Churchill’s weapons station

Historian Gordon Rogers 'attempting to recreate the moment when, as a young lad, I nicked a couple of anti-tank shells and a box of fuses from 'Winston Churchill's Toyshop

Historian Gordon Rogers 'attempting to recreate the moment when, as a young lad, I nicked a couple of anti-tank shells and a box of fuses from 'Winston Churchill's Toyshop

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Winston Churchill’s former weapons experimental station in Whitchurch is the fascinating subject of a talk at 6.30pm on Thursday, April 16.

The Friends of the University of Buckingham have organised the talk by local historian Gordon Rogers, whose lifelong interest in explosives and schoolboy experiments led to his appearing twice before local magistrates.

His talk will focus on Churchill’s premier weapons experimental station, known as ‘Winston Churchill’s Toyshop’, and Churchill’s mastery at dealing with bureaucratic red tape in the War Office.

Mr Rogers, who grew up in Tring, said: “Only four years ago did I learn that the premises from which, as a schoolboy, I nicked a couple of Blacker bombard anti-tank missiles and a box of L-delay fuses was ‘Winston Churchill’s Toyshop’, the UK’s premier weapons experimental station in the Second World War.”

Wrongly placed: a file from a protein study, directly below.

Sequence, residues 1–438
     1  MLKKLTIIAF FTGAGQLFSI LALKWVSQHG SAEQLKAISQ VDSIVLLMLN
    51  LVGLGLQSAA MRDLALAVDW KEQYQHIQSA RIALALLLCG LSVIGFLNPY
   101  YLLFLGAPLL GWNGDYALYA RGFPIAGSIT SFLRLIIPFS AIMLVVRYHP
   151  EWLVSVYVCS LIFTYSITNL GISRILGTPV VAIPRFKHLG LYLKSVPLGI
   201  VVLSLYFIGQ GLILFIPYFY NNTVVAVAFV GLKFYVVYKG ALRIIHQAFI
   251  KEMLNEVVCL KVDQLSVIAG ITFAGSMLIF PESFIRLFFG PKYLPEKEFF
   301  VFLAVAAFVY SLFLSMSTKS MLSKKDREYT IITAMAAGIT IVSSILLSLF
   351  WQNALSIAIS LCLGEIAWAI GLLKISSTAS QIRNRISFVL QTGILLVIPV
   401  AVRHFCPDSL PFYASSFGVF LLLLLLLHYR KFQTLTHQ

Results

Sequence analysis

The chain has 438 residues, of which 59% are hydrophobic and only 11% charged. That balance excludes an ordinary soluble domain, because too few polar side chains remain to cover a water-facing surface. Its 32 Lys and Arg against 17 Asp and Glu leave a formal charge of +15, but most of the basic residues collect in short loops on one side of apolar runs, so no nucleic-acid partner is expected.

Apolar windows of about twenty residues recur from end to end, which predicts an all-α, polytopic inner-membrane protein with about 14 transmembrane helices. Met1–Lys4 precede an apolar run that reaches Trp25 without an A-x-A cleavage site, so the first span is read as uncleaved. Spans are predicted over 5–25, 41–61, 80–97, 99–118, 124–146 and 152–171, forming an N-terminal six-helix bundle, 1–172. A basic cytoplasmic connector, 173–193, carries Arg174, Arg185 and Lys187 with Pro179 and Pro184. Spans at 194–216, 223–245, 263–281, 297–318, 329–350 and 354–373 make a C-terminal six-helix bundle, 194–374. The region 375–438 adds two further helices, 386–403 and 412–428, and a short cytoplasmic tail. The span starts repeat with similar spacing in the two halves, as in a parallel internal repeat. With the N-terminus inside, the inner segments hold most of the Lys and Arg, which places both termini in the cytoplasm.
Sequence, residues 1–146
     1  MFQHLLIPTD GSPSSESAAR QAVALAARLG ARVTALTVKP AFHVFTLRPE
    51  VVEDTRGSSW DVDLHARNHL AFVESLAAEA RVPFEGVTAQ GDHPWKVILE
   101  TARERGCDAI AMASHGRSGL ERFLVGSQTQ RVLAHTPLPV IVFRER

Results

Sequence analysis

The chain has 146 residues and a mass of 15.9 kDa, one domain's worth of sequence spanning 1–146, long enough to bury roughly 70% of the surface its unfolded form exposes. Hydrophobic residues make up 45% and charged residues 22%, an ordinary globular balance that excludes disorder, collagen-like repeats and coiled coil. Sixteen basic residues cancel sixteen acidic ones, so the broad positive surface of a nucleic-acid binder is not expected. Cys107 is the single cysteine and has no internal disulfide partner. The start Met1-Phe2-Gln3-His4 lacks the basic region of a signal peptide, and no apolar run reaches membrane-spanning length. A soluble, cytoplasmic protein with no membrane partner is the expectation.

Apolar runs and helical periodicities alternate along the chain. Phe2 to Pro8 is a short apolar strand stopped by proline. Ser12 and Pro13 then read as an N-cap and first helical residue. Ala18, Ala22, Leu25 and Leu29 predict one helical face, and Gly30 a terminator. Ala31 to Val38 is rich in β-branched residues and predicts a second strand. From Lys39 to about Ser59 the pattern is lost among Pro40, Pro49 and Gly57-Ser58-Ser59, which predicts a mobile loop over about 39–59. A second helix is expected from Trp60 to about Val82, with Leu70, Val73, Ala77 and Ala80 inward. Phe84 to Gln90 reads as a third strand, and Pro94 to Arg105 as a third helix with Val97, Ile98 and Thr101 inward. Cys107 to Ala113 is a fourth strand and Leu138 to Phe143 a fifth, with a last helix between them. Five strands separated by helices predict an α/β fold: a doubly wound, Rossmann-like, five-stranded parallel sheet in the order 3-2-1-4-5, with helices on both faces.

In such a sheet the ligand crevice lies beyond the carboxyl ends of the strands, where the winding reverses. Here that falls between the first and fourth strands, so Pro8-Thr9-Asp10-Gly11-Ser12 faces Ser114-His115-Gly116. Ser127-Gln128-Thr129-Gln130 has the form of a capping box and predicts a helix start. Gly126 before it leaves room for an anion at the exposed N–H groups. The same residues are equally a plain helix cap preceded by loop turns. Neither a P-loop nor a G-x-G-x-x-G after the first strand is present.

The ‘Toyshop’ was under Churchill’s direct control and invented over 50 weapons which went into service.

After finding out about the Whitchurch ‘Toyshop’ Mr Rogers wrote to the BBC suggesting they make a documentary. When they turned it down, he decided to put together his own presentation.

He said: “When becoming PM, Churchill knew of the massive War Office red tape. To bypass this, he appointed himself Minister of Defence and created just one department, MD1, located at Whitchurch, just north of Aylesbury. To run it, he appointed Millis Jefferis, known to him since 1939 as a brilliant inventor.

“The department was to be under Churchill’s direct control, via Lord Cherwell.”

Mr Rogers spent a week at the Nuffield Library in Oxford researching the fascinating correspondence between Churchill and Cherwell.

The talk is at The Radcliffe Centre. Tickets £5 on the door, includes refreshments.